How to Teach Your Child to Follow Instructions
Being able to follow instructions is a key life skill. It starts when we are children and we’re given instructions by our parents and teachers, and even when we’re adults, there are plenty of occasions when we need to follow directions and instructions (have you ever assembled something from IKEA?!). Being able to follow directions and instructions is important in life and at work.
So how can we help our children learn how to follow instructions? Follow these tips:
Ask your child to pay attention
Children often find it difficult to focus their attention on just one thing, especially when they’re young. Say ‘Look towards me please, I need you to listen to me,’ and move into their line of sight. This gives a verbal and non-verbal indication of what you want them to do.
Turn off any distractions
Don’t attempt to have any sort of meaningful discussion with your child when they’re watching TV or they’re transfixed by a computer game. Turn off the TV and ask your child to stop playing their game for a moment. Ask for their full attention and hopefully they’ll realise that what you have to say is important.
When you want something done or you want to tell your child something, it may be tempting to raise your voice, but you’re actually more likely to get the result you want by speaking to them in a calmer tone. Often a child will get defensive or switch off if you raise your voice or get angry.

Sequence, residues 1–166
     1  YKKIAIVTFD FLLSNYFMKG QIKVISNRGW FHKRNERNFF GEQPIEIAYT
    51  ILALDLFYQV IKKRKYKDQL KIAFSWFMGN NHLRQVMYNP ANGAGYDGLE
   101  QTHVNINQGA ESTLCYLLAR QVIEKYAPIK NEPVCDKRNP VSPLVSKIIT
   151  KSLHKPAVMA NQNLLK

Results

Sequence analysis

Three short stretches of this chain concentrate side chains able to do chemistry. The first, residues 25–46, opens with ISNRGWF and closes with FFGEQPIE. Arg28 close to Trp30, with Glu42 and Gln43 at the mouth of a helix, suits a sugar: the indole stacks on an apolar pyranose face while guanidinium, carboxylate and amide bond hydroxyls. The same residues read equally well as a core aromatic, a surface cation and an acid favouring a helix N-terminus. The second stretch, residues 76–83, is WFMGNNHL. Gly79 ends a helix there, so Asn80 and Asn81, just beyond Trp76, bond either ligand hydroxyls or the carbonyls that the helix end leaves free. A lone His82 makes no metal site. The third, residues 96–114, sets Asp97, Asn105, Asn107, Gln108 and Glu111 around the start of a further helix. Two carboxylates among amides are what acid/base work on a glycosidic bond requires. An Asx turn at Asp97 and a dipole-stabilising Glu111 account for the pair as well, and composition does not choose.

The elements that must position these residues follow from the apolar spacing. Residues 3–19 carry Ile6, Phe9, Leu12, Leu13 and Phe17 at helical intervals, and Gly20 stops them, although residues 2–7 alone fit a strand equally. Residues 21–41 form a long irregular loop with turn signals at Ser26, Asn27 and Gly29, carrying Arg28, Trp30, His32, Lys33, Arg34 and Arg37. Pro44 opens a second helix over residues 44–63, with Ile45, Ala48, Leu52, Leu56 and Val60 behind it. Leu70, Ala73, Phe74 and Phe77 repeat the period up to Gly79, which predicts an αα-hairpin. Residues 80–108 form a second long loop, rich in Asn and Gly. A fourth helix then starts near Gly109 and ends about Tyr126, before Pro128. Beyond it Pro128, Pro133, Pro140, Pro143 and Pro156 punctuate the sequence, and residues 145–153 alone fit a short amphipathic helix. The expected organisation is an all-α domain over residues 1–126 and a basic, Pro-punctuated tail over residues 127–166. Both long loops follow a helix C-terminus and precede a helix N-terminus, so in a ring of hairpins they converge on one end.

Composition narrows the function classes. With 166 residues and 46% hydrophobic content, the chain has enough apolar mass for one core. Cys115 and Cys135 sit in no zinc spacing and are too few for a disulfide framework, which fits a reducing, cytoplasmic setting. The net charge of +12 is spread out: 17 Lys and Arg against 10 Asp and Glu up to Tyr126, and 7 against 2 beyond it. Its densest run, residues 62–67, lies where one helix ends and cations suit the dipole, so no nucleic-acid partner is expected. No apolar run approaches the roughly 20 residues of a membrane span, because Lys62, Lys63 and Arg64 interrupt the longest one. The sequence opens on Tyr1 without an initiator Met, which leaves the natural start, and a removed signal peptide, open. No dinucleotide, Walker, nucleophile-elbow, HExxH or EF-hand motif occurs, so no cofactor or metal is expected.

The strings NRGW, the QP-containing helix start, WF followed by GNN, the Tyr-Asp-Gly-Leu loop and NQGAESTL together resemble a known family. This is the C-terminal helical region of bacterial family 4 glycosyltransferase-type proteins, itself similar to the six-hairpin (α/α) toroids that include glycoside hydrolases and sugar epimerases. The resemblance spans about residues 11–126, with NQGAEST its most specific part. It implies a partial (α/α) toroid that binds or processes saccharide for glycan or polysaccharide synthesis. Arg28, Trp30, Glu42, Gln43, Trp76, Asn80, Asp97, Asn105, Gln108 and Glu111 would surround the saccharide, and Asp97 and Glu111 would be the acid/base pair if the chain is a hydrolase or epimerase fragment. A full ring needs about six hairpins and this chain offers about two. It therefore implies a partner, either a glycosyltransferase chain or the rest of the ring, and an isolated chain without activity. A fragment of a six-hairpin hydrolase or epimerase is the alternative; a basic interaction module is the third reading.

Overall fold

Take a pause
Once you’ve said what you wanted to say to your child, take a brief pause to allow them to absorb what you’ve just said. If it seems like they don’t understand, or even if they aren’t paying attention, repeat what you said.
Check that your child understands
If you’ve asked your child to do something and you’re met with a blank expression, this can be because they weren’t listening or paying attention, but it could also be because they’re not completely sure of what you’ve asked them to. Give them a chance to ask questions and ask them to repeat what you’ve just said back to you.
Watch how you phrase questions
Think about how you ask your child to do things. If you say ‘would you tidy your room please?’ this suggests that they have a choice. It sounds very reasonable, but it’s far better to give a clear direction like ‘go and tidy your room, please.’
Don’t give them a big list of instructions
With younger children, don’t give them a big list of instructions that they might find it hard to process and remember like ‘clear away your toys, go wash your hands before tea, and tell your brother it’s time to eat.’ This can make them feel overwhelmed. Give instructions one at a time.
The more specific and detailed you can be when you’re given instructions the better. For example, instead of saying ‘go and clean your room,’ say ‘put away your toys and put your dirty clothes in the laundry basket.’
Try visual demonstrations
Giving visual cues can be helpful in reinforcing what you want them to do. Show them which drawer to put their socks away in, show them how to set the table, and show them how to put their toys away neatly, for example.
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